The International Monetary Fund expert team had mixed grades for Ukraine’s performance one day after its Sept. 26 departure without a staff-level agreement on new lending, the clearest sign that all is not in order politically or economically in Kyiv yet.

Ukraine has restored its macroeconomic stability, lowered its fiscal deficits and decisively restructured its banking system since the 2014-2015 crisis, according to the IMF statement. However, it remains plagued with poor rule of law, a weak business environment and a growth that is too low to close the income gap with Ukraine’s neighbors.

“Growth is too low, however, to noticeably close the income gap with Ukraine’s neighbors. Per capita GDP (in PPP terms) in Ukraine is still very low—just 20 percent of the European Union average, the second-lowest level of all Central and Eastern European countries. Growth is held back by a weak business environment—with shortcomings in the legal framework, pervasive corruption, and large parts of the economy dominated by inefficient state-owned enterprises or by oligarchs—deterring competition and investment


Ukraine is trying to secure an IMF program under its Extended Fund Facility, which would replace an existing 14-month $3.9 billion standby facility meant to carry Ukraine through its election year. Multiple reports estimated that the potential new program would be around $5-6 billion.

National Bank of Ukraine deputy governor Kateryna Rozhkova expressed confidence that the program would be signed by the end of the year. Prime Minister Volodymyr Honcharuk and Finance Minister Oksana Markarova have also said that they are working closely towards securing cooperation.

Besides contributing to economic stability, an agreement would also reassure investors.

The IMF mission was headed by Ron van Rooden, an assistant director in the European Department of the IMF. The team came to Ukraine on Sept. 12 and spent two weeks in intensive analysis of the macroeconomic situation of the country, as well as its economic policies and held numerous discussions with Ukrainian authorities.


The IMF team stated that Ukraine has achieved tangible results in economic recovery after the economic crisis that followed the EuroMaidan Revolution.

“Following the deep economic crisis of 2014-15, the Ukrainian authorities have restored macroeconomic stability and growth has resumed,” IMF wrote.  The statement praised Ukraine’s sound fiscal and monetary policies and a flexible exchange rate of the national currency hryvnia against foreign currencies.  Such policies “have resulted in a sharp reduction in Ukraine’s external and internal imbalances.”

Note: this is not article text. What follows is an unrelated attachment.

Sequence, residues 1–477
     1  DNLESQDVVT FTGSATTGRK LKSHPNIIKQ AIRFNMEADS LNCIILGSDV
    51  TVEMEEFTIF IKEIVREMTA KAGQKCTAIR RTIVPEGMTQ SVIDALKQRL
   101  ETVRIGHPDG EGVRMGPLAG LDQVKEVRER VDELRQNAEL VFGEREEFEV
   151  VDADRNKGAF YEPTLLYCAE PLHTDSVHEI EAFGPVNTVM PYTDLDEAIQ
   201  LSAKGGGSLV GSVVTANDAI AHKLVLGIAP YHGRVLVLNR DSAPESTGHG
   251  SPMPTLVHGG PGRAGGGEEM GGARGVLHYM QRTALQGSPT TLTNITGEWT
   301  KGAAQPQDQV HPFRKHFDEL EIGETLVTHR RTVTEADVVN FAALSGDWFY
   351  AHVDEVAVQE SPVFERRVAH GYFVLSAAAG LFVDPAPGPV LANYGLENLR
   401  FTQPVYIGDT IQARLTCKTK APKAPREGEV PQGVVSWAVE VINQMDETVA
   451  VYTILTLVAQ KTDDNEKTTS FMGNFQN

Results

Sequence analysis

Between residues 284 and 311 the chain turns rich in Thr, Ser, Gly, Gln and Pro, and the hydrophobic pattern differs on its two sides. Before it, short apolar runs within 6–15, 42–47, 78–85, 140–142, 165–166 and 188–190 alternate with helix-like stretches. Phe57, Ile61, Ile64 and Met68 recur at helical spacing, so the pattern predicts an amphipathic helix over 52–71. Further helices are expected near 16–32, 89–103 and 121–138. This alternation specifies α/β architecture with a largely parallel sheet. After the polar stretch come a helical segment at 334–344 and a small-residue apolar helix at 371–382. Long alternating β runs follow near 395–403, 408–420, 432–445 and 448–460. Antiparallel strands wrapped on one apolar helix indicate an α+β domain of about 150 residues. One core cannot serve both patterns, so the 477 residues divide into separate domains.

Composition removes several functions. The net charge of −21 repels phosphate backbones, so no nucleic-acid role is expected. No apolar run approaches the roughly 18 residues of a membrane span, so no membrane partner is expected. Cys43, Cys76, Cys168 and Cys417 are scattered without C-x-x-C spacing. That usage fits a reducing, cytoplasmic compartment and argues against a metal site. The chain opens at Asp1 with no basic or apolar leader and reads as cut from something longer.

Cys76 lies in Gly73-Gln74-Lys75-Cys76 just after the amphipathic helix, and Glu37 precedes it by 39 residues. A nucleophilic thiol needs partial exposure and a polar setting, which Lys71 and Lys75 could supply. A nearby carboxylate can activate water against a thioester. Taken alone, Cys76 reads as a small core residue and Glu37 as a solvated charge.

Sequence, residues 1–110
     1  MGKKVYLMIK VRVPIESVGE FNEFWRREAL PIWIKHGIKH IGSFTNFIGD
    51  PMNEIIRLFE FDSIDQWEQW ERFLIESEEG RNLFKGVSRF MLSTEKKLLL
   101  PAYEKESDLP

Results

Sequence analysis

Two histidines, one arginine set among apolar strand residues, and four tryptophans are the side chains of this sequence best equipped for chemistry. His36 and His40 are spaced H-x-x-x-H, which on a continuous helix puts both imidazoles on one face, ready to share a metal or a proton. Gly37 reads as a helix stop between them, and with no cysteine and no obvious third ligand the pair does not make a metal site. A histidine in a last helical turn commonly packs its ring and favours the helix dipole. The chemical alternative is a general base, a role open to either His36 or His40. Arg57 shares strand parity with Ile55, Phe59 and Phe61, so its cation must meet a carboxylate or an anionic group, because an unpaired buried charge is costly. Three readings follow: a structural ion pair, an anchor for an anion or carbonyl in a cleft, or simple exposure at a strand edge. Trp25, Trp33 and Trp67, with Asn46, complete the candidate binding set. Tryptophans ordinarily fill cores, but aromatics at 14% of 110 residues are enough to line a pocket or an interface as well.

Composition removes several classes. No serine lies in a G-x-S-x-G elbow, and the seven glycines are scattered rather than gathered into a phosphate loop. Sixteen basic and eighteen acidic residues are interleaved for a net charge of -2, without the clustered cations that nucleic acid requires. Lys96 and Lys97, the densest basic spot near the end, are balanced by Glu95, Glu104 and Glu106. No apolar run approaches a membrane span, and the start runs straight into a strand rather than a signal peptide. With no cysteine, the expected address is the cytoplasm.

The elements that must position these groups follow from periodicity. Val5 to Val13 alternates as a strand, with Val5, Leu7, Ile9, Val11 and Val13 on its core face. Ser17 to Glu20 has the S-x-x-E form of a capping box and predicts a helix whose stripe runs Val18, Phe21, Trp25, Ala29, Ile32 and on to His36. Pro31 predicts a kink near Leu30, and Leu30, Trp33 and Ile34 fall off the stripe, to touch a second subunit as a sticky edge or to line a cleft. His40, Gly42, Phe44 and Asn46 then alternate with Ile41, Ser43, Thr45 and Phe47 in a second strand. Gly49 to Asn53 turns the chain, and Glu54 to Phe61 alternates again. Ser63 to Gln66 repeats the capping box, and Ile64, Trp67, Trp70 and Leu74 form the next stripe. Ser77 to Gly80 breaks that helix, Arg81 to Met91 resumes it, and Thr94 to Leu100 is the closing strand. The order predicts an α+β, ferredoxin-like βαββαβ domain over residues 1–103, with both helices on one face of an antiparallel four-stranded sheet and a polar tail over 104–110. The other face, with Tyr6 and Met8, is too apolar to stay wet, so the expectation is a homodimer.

Other achievements lauded by the IMF included the low rate of fiscal deficit equaling about two percent of GDP, the elimination of the energy sector’s quasi-fiscal deficit, the maintenance of sufficient reserves (about $20 billion) and the current account deficit being around 3 percent of the GDP.  The IMF has appreciated restructuring of Ukraine’s banking system.

However, the unfinished work outweighed the achievements.

The IMF pushed for more privatization of state-owned enterprises and criticized the domination of the Ukrainian economy by oligarchs. Fund experts suggest “improving spending efficiency and outcomes – including in health care and education” and expect Ukraine to maintain “prudent fiscal policies to ensure debt sustainability.”


In case Ukraine cannot sustain its debts, the fund will not obtain its loans back on time.  In 2018 Ukraine’s foreign debt to GDP ratio amounted to 87.7 percent of the country’s nominal GDP, according to CEIC Data.  This is far more than the EU-recommended ratio of 60 percent.

Most of all the IMF called for “firmly establishing the rule of law – including through judicial reform – and decisively tackling corruption.”  Of equal importance to the Find is “enhancing competition and opening up markets – particularly in the energy and agricultural sectors.”

The IMF also expects Ukraine to take advantage of its Deep and Comprehensive Free Trade Agreement with the EU.  Better integration with the European economy and its supply chains will provide Ukraine with sustainable growth opportunities in the future, according to the statement.

Currently, Ukraine owes the IMF 7.2 billion in special drawing rights, which amounts to about $10 billion.

Ukraine became an IMF member in 1992 and received its first loan in September 1998.

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